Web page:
The Preferred Alternative in a draft of the Columbia River System Operations environmental impact statement, released Feb. 28, involves the operations, maintenance and configuration of the 14 federal dam and reservoir projects that comprise the Columbia River System. This document has been much-anticipated, as it is expected to give direction on the future of the four Lower Snake River dams and hydro projects that have been a target for potential removal.
The U.S. Army Corps of Engineers, Department of Interior’s Bureau of Reclamation and Bonneville Power Administration released the draft EIS for a 45-day public review and comment period. The U.S. Congress authorized the Corps and Reclamation to construct, operate and maintain the 14 federal dams as one interconnected system to meet multiple specified purposes, including flood risk management, navigation, hydropower generation, irrigation, fish and wildlife conservation, recreation and municipal and industrial water supply. BPA is authorized to market and transmit the power generated by coordinated system operations.
The Preferred Alternative comprises operational and structural measures that allow federal agencies to operate the integrated system to meet congressionally authorized purposes and EIS objectives, including those that benefit Endangered Species Act–listed species. The draft EIS identifies and evaluates a no-action alternative and five alternatives, one of which includes breaching the four lower Snake River dams.
The four dams in particular question are Ice Harbor, Little Goose, Lower Granite and Lower Monumental. Together, the four produce an average of 1,024 average MW of electricity annually, which is about 4% of BPA’s annual energy portfolio. The four Lower Snake River projects have the ability to produce 3,033 MW of electricity at peak capacity for a short period of time if there is both high water storage and high river flows, according to the Lower Snake River Dams Stakeholder Engagement Report released in late 2019.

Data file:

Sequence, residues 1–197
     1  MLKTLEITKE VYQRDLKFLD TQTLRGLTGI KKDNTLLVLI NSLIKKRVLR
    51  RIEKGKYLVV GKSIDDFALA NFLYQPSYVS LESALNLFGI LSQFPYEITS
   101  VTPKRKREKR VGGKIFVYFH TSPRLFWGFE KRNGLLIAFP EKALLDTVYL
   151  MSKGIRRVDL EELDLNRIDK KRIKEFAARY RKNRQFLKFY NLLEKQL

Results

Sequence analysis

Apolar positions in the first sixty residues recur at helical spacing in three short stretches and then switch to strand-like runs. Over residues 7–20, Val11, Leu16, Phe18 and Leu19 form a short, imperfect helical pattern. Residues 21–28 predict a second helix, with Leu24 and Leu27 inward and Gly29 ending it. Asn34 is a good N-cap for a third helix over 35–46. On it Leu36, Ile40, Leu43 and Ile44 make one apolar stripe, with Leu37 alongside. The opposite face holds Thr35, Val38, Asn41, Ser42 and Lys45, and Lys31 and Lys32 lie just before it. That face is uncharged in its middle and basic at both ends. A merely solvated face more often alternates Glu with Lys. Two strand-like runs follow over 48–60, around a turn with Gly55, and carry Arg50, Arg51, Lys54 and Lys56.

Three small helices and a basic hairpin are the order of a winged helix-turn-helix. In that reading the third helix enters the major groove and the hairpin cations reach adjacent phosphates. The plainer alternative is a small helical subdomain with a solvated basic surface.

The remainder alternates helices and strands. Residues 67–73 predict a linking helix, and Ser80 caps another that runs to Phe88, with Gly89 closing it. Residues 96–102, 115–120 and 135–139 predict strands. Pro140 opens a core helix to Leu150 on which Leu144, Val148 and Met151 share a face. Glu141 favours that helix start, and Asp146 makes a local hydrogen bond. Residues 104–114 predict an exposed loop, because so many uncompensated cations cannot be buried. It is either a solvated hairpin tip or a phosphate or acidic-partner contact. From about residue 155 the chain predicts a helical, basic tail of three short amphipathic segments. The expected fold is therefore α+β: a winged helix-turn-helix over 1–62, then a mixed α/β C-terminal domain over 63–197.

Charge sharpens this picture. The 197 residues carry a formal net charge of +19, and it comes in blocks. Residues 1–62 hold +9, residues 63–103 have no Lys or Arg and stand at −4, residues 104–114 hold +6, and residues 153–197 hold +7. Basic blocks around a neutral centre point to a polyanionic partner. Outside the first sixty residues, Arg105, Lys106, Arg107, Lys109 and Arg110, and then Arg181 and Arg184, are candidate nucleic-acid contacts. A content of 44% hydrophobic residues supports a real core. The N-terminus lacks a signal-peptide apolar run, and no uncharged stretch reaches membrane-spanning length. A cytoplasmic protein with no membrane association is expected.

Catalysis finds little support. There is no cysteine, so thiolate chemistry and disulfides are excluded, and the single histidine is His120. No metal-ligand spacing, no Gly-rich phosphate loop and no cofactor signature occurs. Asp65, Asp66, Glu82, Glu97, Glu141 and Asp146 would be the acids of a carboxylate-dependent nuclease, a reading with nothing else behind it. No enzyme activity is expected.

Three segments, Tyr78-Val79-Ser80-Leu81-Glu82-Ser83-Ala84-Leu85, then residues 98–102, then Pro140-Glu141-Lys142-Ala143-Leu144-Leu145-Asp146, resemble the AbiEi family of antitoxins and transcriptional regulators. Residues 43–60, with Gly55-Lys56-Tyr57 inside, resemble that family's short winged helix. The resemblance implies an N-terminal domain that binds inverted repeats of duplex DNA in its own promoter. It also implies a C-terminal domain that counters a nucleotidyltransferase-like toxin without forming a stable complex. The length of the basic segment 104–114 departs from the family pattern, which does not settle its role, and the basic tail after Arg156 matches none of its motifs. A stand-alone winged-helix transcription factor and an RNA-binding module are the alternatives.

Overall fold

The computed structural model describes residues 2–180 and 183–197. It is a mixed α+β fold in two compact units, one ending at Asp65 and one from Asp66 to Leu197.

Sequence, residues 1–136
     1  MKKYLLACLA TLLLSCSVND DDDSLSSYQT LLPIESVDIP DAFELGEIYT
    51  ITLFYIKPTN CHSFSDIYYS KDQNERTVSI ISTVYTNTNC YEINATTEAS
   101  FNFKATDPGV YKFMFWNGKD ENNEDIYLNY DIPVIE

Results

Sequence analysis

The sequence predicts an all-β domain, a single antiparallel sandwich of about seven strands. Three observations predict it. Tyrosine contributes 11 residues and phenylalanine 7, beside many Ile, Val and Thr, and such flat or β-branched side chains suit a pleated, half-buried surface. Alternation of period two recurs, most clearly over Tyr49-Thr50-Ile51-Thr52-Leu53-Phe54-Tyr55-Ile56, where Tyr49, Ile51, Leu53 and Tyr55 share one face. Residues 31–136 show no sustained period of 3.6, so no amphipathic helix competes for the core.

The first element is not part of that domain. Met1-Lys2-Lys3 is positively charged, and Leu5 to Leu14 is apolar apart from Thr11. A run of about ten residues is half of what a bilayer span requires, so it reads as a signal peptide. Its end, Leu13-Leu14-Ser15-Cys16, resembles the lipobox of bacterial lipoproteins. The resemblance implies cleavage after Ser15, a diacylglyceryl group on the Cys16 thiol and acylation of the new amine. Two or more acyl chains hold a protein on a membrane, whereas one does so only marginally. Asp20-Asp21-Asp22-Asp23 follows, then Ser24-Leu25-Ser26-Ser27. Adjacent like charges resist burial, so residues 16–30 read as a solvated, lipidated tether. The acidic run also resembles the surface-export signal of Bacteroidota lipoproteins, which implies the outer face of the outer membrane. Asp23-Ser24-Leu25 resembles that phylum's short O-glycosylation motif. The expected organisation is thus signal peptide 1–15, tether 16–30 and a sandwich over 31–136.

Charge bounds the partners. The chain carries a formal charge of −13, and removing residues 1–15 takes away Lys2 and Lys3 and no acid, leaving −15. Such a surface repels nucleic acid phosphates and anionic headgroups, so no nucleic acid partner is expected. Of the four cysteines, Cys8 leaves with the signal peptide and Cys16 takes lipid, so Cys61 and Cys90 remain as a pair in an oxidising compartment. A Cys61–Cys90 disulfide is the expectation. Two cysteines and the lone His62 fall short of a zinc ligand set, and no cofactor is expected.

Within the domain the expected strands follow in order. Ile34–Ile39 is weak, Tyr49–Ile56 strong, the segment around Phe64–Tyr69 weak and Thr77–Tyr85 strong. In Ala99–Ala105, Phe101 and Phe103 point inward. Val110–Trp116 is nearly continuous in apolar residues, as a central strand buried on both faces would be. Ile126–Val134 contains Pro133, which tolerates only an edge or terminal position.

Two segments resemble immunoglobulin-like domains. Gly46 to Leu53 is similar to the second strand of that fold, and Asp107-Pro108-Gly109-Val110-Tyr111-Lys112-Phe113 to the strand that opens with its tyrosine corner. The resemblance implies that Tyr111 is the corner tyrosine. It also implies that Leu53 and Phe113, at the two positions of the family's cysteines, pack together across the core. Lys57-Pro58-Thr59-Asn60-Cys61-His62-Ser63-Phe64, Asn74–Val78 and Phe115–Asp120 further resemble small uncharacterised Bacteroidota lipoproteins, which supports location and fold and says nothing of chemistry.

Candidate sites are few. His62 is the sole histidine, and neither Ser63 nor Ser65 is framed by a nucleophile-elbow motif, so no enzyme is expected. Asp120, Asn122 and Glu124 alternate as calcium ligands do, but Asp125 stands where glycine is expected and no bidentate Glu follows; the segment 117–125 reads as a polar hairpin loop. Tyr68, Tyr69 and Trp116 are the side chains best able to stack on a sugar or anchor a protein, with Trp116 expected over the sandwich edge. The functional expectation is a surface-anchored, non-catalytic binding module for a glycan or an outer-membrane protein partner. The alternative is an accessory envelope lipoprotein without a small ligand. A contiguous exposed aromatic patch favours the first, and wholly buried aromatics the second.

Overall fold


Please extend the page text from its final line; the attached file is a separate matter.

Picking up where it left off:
The draft EIS is the result of more than three years of regional collaboration between the lead federal agencies and more than 30 tribes and state, federal and county agencies in this National Environmental Policy Act process. “The draft EIS represents a remarkable collaborative effort to gather public input and information for a current and thorough analysis of options that meet the goals of the EIS and our future responsibilities to the region,” said Brig. Gen. D. Peter Helmlinger, Northwestern Division commander, Corps.
The last comprehensive update to the Columbia River System operating strategy was issued in 1995. This draft EIS responds to the need to review and update management of the system and evaluate impacts to resources in the context of new information and changed conditions in the Columbia River Basin. The document contains detailed analyses of environmental, social and economic benefits and consequences to affected resources of the alternatives considered for improved integrated operations.
Built and put into service between 1938 and 1976, these dams provide flood risk management. The river’s navigation system is an important component of the regional economy, allowing farmers to export grain and other crops to overseas markets. Farmers depend on system water to irrigate crops. The system is the source of economical, reliable and clean power generation and provides the region with some of the least greenhouse gas-intensive electricity in the country. And the Columbia River and its tributaries provide water for millions of people throughout the river basin.
The final EIS is expected in summer 2020.